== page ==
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Recital
DRAMATIC DIVA SINGS WORKS OF AMERICAN COMPOSERS IN WEILL
by Vaida Falconbridge
Sunday, April 13, 2014
After opening her April 13 Weill Hall recital with the bright “The Year’s at the Spring,” probably Amy Beach’s best-known song, soprano Deborah Voigt paused for a moment to say to the audience, “When we were putting the program together, we had no idea it would be so apropos!” Continuing with the ...
Recital
RUSSIAN PIANIST, RUSSIAN MUSIC, RUSSIAN DRAMA
by Terry McNeill
Sunday, April 13, 2014
In the season’s penultimate Sonoma Classical Music Society concert on Sunday afternoon, April 13, Russian pianist Anastasia Dedik played an all-Russian program that was heavy on drama with just a modicum of lyricism. Two Rachmaninoff Etudes Tableaux opened the program, the E-Flat Minor from Op. 33 ...
Chamber
THEMATIC OPULENCE FROM THE TRIO NAVARRO
by Terry McNeill
Sunday, April 06, 2014
Northern California’s Trio Navarro presented just two works in an April 6 Weill Hall concert, an event with consummate playing, inspired drama and ample thematic richness. Schubert’s B-Flat Major Trio, D. 898, was the evening’s highlight and was familiar fare for the estimable Navarro. The wonderfu...
Chamber
LUSH ZEMLINSKY AND A PREMIERE IN ARIADNE'S WEILL CONCERT
by Nicki Bell
Friday, April 04, 2014
Trio Ariadne played a riveting concert April 4 in Weill Hall as part of Sonoma State’s Music Department Spring Series. This concert had something juicy for all musical tastes. The program spanned centuries and moods with a Beethoven pot pourri, a world premiere from an Icelandic composer, and a lus...
Recital
WARM SPRING MUSIC AND ART IN CAS ORGAN RECITAL
by Jim Harrod
Sunday, March 23, 2014
Spring brought flowers and the virtuoso organist Faythe Freese to play a joyful recital on March 23 at Santa Rosa’s Resurrection Parish. Both the artist and the beautiful spring weather were most welcome, and the event was part of the Creative Arts Series. Ms. Freese, Professor of Organ at The Un...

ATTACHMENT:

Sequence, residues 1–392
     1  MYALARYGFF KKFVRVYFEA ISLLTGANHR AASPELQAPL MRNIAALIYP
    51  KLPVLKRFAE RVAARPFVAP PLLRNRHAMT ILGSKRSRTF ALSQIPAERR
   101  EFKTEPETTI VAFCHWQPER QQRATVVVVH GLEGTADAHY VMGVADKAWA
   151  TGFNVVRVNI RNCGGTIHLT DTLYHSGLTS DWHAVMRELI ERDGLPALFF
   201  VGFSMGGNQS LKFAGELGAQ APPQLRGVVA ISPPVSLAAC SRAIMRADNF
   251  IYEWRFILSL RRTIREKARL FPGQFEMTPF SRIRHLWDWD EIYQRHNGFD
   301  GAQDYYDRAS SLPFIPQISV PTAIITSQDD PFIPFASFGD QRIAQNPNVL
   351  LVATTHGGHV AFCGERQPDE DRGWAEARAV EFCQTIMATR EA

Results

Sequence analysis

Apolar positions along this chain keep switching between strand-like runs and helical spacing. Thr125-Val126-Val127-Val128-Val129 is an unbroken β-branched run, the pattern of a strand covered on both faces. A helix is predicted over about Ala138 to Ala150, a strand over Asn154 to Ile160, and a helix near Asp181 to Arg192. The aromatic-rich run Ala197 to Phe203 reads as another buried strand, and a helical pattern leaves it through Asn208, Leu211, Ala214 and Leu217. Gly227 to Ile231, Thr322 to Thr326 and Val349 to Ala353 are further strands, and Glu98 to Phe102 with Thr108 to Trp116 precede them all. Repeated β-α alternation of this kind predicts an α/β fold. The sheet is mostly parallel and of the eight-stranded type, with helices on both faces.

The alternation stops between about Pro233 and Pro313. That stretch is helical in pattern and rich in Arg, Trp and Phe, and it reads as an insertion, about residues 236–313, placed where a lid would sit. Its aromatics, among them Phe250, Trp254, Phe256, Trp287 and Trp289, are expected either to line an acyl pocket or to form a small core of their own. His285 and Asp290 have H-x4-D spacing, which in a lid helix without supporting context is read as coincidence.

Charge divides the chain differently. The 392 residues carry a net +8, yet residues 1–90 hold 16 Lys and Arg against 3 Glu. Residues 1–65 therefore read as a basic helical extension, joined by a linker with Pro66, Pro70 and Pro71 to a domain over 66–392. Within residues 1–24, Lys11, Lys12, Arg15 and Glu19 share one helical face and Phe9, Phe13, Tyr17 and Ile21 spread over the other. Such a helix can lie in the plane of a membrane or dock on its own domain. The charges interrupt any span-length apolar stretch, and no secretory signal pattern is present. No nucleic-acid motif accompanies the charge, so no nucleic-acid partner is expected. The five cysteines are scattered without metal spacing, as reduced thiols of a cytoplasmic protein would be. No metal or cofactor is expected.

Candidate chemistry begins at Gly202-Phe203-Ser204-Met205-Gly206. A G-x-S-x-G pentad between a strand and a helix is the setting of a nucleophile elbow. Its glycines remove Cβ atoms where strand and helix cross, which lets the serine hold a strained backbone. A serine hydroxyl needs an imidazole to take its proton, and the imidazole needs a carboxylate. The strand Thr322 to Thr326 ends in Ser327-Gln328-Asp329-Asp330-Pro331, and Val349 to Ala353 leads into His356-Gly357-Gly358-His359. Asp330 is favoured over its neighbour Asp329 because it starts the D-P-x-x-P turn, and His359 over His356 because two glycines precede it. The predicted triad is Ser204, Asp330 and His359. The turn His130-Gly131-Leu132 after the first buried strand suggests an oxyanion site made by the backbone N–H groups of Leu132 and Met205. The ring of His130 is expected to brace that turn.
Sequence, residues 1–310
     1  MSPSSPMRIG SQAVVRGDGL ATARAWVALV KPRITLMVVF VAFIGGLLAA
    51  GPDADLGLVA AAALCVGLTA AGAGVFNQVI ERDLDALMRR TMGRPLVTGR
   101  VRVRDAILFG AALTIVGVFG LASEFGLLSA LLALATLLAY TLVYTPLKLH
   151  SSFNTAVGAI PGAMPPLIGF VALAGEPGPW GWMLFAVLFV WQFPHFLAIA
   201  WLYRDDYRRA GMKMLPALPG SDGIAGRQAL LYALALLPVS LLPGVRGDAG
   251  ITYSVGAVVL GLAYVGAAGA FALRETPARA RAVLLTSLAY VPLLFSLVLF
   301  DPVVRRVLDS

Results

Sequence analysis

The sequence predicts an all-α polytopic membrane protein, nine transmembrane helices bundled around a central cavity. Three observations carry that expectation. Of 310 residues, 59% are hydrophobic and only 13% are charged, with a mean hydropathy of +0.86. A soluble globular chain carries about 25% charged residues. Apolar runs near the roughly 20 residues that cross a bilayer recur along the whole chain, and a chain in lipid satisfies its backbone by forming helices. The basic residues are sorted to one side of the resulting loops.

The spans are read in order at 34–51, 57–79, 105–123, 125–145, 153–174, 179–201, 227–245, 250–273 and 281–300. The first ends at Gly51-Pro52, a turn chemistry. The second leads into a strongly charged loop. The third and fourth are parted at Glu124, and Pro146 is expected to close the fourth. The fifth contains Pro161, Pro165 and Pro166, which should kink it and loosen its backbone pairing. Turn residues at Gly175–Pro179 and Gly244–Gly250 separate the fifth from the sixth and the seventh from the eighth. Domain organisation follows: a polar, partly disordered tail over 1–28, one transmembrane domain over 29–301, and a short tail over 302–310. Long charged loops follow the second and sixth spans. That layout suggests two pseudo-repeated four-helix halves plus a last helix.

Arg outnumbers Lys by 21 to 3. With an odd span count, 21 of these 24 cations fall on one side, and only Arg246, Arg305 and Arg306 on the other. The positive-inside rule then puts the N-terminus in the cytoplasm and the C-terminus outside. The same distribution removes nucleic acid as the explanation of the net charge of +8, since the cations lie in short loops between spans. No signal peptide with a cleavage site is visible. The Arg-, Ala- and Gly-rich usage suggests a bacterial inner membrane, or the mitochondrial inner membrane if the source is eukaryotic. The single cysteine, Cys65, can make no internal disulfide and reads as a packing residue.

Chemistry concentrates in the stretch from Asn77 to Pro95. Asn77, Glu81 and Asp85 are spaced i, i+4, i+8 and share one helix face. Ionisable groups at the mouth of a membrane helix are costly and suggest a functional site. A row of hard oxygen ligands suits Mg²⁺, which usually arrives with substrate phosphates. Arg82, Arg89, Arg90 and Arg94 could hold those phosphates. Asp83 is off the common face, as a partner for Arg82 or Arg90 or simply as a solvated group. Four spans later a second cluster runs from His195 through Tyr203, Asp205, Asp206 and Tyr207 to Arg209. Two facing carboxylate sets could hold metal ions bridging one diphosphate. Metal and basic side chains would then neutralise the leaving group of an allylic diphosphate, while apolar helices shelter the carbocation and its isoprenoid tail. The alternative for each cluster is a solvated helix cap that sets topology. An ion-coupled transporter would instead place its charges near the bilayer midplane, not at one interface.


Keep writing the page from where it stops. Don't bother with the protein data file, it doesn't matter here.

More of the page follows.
Symphony
A TOUR DE FORCE OF SONIC SPLENDOR
by Terry McNeill
Sunday, March 23, 2014
On paper the Santa Rosa Symphony's March 23 concert in Weill Hall looked promising and even provocative, with a world-premiere concerto, a famous solo violist and two flashy Russian orchestral works. But as often is the case, in unexpected ways the whole was not equal to the sum of the parts. Behza...
Chamber
GLASS TOWER SHINES IN CATALYST QUARTET CONCERT
by Linda McLaughlin
Tuesday, March 18, 2014
A concert produced by Brave New Music and featuring the Catalyst Quartet March 18 in Healdsburg’s SHED Grange Hall was a delight from almost any standpoint, or sitting point. Unlike the first Brave New Music concert last November, this time there were no visual accompaniments (film) behind the perfo...
Symphony
NEW-WORLD ORCHESTRAL MASTERY
by Terry McNeill
Saturday, March 15, 2014
Orchestral splendor and dynamic contrast were the hallmarks of the American Philharmonic's (APSC) third concert of the 2014 season March 15 before an enthusiastic audience of 400 in the Santa Rosa High School Performing Arts Center. With the concert titled "From the New World," the music needed to d...
Symphony
AMPLE EVIDENCE OF A BRIGHT FUTURE
by Terry McNeill
Friday, March 14, 2014
An inaugural concert for a new area orchestra is a special deal, and the fledgling North Bay Sinfonietta’s March 14 concert in Santa Rosa’s First Presbyterian Church gave ample evidence of a bright future. Organized and conducted by Cynthia Weichel, the Sinfonietta’s 30-plus members filled the cram...
Chamber
GHOSTS AND GYPSIES USHER IN THE SPRING
by Terry McNeill
Thursday, March 13, 2014
As a harbinger of spring, the Boston Trio brought sprightly piano trios of Haydn and Beethoven to their Music at Oakmont concert March 13 in Berger Auditorium. Happily the long and weighty Dvorak F Minor Trio, Op. 65, didn't manage to dampen the warm afternoon's ambiance. The Dvorak performance was...